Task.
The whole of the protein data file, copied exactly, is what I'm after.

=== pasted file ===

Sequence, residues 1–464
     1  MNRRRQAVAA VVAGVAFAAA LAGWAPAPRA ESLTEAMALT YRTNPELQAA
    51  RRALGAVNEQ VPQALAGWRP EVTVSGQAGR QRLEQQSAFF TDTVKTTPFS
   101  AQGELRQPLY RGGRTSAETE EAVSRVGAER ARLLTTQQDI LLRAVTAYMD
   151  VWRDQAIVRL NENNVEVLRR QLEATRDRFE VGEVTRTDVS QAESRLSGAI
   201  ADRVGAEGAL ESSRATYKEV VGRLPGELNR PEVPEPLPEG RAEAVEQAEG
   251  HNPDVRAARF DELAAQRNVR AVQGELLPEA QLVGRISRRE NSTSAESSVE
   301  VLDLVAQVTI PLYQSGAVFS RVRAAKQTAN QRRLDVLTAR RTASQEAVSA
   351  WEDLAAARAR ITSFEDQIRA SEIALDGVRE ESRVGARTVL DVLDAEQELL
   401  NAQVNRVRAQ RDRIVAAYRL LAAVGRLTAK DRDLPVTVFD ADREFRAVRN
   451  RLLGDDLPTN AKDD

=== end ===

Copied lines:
Sequence, residues 1–464
     1  MNRRRQAVAA VVAGVAFAAA LAGWAPAPRA ESLTEAMALT YRTNPELQAA
    51  RRALGAVNEQ VPQALAGWRP EVTVSGQAGR QRLEQQSAFF TDTVKTTPFS
   101  AQGELRQPLY RGGRTSAETE EAVSRVGAER ARLLTTQQDI LLRAVTAYMD
   151  VWRDQAIVRL NENNVEVLRR QLEATRDRFE VGEVTRTDVS QAESRLSGAI
   201  ADRVGAEGAL ESSRATYKEV VGRLPGELNR PEVPEPLPEG RAEAVEQAEG
   251  HNPDVRAARF DELAAQRNVR AVQGELLPEA QLVGRISRRE NSTSAESSVE
   301  VLDLVAQVTI PLYQSGAVFS RVRAAKQTAN QRRLDVLTAR RTASQEAVSA
   351  WEDLAAARAR ITSFEDQIRA SEIALDGVRE ESRVGARTVL DVLDAEQELL
   401  NAQVNRVRAQ RDRIVAAYRL LAAVGRLTAK DRDLPVTVFD ADREFRAVRN
   451  RLLGDDLPTN AKDD